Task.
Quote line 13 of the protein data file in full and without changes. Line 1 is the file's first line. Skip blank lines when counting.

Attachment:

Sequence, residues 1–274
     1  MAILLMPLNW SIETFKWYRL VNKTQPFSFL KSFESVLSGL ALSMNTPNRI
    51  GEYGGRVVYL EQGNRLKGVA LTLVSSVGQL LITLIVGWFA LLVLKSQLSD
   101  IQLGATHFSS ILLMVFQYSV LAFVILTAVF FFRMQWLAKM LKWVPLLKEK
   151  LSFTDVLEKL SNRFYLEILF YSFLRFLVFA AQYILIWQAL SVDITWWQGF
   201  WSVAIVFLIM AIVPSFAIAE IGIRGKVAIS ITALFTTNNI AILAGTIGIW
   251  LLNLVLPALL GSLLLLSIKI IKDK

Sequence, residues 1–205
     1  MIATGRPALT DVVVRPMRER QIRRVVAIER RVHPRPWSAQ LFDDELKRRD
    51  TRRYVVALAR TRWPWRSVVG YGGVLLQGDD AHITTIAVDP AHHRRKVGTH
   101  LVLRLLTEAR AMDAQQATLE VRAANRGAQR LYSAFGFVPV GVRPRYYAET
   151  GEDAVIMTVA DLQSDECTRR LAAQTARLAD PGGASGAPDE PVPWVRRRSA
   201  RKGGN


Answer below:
   201  RKGGN